CBS shies away from social networking

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Les Moonves, chief executive of CBS, ruled out buying a large social networking or user generated video site on Wednesday, a week after his opposite number at sister company Viacom was fired for missing out on digital acquisition opportunities.

Mr Moonves said social networking was an important phenomenon and CBS had looked at Facebook and YouTube, “but we’re not going to buy them”.

CBS would continue to strike digital partnerships, however, because “we’re all searching for what’s going to work.”

He questioned the valuations that have been mooted for the two young companies, asking: “Is YouTube worth $1bn today? Maybe, but it’s a lot of money. Is Facebook worth hundreds of millions of dollars? We’re looking at all these things.”

In reference to Tom Freston’s removal as chief executive of Viacom, which was blamed in part on his failure to buy a social networking site to rival News Corporation’s MySpace, Mr Moonves added: “Do I wish I owned [MySpace?] Sure. Fortunately, it wasn’t something I was negotiating for at the time.”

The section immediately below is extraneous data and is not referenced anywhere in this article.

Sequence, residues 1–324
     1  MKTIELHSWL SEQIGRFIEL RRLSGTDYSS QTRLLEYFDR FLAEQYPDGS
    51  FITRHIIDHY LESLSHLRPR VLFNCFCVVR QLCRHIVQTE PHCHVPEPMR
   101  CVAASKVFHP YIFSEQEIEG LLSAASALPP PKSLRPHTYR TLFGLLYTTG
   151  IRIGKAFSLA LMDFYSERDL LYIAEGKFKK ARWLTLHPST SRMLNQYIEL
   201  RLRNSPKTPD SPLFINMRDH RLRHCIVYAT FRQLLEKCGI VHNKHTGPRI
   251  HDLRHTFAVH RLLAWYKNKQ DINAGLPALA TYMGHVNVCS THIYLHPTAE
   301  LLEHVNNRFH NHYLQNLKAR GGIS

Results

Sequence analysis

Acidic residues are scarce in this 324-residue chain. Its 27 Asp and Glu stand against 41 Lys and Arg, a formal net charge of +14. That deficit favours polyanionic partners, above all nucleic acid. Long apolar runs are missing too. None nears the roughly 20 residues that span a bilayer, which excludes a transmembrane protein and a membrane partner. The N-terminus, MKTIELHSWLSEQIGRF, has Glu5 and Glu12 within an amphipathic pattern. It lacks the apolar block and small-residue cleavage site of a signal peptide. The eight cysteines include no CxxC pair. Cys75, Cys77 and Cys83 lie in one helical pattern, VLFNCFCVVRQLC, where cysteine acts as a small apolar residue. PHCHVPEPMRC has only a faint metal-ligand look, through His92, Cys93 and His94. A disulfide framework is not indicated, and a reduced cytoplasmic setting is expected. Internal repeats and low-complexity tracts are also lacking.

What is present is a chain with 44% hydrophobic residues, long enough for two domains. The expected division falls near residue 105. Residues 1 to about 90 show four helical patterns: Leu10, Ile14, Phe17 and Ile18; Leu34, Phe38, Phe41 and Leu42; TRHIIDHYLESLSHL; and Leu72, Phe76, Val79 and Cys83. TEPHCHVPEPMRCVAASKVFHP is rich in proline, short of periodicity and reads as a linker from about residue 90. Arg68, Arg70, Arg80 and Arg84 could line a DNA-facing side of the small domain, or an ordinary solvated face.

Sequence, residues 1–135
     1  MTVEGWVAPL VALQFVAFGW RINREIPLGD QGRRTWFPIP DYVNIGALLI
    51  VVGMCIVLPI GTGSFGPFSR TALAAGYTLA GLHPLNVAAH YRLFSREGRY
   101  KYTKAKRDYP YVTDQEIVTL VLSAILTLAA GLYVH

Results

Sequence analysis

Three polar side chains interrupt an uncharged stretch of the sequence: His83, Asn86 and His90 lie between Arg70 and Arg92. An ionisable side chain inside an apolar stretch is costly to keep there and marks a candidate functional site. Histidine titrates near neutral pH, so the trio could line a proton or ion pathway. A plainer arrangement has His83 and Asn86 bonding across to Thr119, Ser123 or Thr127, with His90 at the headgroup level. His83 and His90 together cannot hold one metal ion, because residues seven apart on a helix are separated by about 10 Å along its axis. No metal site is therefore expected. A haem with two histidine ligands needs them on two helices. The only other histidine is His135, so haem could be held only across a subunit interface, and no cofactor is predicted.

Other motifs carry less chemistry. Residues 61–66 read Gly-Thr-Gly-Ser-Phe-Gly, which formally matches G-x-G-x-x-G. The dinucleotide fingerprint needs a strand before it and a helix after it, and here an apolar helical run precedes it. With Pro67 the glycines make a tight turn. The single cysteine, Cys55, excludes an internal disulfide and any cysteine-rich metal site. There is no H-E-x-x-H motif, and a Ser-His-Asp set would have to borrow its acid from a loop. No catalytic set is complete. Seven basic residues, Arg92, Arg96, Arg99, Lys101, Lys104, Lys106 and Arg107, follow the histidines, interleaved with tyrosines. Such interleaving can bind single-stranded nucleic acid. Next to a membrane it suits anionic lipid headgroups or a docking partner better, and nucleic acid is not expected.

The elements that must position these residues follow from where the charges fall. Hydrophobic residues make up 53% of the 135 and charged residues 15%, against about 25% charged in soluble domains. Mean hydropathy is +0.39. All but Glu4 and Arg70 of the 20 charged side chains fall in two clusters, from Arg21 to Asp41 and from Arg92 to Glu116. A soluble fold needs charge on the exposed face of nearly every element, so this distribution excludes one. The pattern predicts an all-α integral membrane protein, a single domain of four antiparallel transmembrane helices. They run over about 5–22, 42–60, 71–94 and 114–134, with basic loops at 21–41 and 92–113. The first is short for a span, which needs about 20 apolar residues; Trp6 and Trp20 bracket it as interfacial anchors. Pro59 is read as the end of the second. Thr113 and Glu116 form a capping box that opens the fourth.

His relationship with Sumner Redstone, the Viacom and CBS chairman who fired Mr Freston, was “terrific,” Mr Moonves said. “I keep my head down, I do my job.”

Speaking to journalists at the Broadcasting Press Guild in London, Mr Moonves said that bankers had approached CBS about bids for both ITV, the UK’s largest commercial broadcaster, and Endemol, the Dutch production company behind the Big Brother reality TV series.

Investment bankers “did bring round the Endemol book [but] it’s not something we’re interested in,” he said. His comments come as Telefónica, Endemol’s controlling shareholder, is planning to sell the group and a management team has begun informal preparations for a buyout.

CBS had examined ITV more than a year ago, Mr Moonves said, but “we haven’t looked at it that closely.”

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